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In the fall of 1972, I entered ISU as a political science major from Bettendorf High School. Although I'd been awarded a VEISHA Scholarship to help offset tuition costs, I was far from convinced that a large state university was the ideal location for me to begin my college career. Professor Ann Vinograde not only helped to assuage my initial doubts about the impersonal nature of the institution - she planted and nurtured in me the passion for learning the Russian language and the great satisfaction connected with the profession of teaching. Twenty two years later I find myself a tenured professor at another large state university and chair of the Department of Russian. Although I eventually studied under many professors in my doctoral program at the University of Michigan and in several universities in Russia, when asked to name the teacher who most influenced my career, I think first and foremost of one name - Ann Vinograde. There is hardly a week that goes by when I do not recount either for myself or for my own students the many ways in which she went about first identifying and then working to fuel some dull sparks of talent which she saw in a frightened young coed in her Beginning Russian class.
Ann's classes were my first real-life lessons in dealing with high expectations, real commitment to a goal, and the resulting successes and failures associated with both. She was a very tough task master who was consistently precise in articulating her expectations for all her students in our journey to master the Russian language. Her own native abilities in both Russian and English did much to inspire those like me who were native-born Iowans with minimal contact beyond the Midwest. Even more inspirational, however, was her innate understanding of the difficulties which English-speaking students faced in learning the Russian language and the creative and delightful ways in which she continued to keep our interest levels so high. Clearly a pioneer in the field of teaching Russian and a wonderful mentor and role model to young women, Ann Vinograde's talents and contributions were not always, it seems, as highly valued and honored by her own department and institution as they might have been. Perhaps my brief letter today will help to serve as a reminder to the ISU community as a whole that the popular phrase "excellence in teaching" can also be measured in less quantifiable ways beyond degrees earned or publication lists. True "excellence" in teaching can also be measured in examining the lives of those who have been its recipients. I feel very honored to count myself among the students whose lives were enriched by Ann Vinograde. I am very pleased to be able to honor her in return by including her name among your Plaza of Heroines.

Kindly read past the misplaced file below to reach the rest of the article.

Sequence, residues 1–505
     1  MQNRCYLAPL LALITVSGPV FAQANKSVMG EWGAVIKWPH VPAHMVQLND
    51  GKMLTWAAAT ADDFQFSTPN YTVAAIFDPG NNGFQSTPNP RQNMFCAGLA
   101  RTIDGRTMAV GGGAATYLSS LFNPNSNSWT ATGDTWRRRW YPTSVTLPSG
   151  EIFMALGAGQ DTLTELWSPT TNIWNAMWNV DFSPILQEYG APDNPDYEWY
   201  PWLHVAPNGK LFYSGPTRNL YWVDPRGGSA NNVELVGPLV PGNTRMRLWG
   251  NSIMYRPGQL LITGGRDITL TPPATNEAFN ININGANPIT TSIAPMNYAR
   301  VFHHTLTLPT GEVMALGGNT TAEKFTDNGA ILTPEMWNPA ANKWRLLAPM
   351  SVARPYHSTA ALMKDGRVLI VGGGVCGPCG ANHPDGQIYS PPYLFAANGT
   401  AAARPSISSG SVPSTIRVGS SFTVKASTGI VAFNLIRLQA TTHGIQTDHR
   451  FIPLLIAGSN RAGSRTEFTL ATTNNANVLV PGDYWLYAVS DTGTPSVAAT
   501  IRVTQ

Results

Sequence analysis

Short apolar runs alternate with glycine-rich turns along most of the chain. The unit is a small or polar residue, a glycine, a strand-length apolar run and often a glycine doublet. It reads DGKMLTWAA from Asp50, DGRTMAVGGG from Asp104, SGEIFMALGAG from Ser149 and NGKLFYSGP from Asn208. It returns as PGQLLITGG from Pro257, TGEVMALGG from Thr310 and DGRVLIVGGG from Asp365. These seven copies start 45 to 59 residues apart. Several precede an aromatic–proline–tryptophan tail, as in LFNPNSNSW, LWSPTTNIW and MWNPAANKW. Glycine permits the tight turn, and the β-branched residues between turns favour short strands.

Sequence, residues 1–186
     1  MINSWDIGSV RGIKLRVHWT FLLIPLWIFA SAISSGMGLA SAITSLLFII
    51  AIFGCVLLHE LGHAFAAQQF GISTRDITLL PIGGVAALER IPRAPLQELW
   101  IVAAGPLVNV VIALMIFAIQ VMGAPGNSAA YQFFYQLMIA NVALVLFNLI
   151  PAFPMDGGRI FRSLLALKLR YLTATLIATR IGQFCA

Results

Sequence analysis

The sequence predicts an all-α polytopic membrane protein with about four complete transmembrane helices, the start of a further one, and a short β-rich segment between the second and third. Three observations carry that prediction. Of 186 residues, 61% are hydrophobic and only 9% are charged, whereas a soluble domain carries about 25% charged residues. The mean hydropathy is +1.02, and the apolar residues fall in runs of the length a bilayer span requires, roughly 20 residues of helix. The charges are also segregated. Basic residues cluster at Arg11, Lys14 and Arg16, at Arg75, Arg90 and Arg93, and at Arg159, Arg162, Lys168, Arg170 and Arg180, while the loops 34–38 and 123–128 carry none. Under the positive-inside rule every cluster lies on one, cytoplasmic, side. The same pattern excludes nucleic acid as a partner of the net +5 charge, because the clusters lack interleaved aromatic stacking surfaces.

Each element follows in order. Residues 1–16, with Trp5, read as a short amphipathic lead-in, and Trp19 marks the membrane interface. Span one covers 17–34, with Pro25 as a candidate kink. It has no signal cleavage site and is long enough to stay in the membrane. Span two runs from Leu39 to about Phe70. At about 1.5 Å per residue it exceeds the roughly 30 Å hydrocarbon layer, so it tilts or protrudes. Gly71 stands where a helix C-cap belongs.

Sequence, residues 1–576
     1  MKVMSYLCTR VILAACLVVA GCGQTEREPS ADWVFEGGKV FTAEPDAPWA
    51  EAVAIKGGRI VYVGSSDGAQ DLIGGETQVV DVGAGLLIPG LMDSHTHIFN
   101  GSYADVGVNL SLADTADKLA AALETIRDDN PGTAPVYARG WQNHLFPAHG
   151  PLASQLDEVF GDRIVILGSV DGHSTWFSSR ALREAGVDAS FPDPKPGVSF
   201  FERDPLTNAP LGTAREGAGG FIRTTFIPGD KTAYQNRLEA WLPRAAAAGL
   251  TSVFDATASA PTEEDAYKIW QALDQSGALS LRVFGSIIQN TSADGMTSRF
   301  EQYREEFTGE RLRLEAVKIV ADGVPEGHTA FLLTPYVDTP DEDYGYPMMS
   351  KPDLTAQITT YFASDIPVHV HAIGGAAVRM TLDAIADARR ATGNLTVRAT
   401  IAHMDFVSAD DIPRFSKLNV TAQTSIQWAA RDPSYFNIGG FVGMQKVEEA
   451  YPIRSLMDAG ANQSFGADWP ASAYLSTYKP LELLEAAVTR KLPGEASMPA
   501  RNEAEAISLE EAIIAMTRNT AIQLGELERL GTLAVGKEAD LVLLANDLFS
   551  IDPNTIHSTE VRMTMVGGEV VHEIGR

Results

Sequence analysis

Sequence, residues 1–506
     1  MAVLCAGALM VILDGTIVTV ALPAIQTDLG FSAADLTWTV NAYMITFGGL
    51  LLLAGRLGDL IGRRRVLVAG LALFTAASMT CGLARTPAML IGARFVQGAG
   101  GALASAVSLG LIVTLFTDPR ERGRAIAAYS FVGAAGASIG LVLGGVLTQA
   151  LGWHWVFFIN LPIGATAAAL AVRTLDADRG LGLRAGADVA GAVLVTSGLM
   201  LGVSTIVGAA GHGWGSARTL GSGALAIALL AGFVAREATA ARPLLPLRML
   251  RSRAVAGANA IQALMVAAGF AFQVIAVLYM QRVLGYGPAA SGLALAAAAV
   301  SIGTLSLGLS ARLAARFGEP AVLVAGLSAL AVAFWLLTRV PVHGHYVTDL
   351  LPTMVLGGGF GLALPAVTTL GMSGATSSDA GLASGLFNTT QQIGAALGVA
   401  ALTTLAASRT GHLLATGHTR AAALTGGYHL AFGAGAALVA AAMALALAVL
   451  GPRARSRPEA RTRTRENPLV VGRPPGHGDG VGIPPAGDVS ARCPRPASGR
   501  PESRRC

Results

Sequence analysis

Margaret (Peggy) Hill Mills (ISU class of 1976 *)
Associate Professor and Chair
Submitted on 12/19/94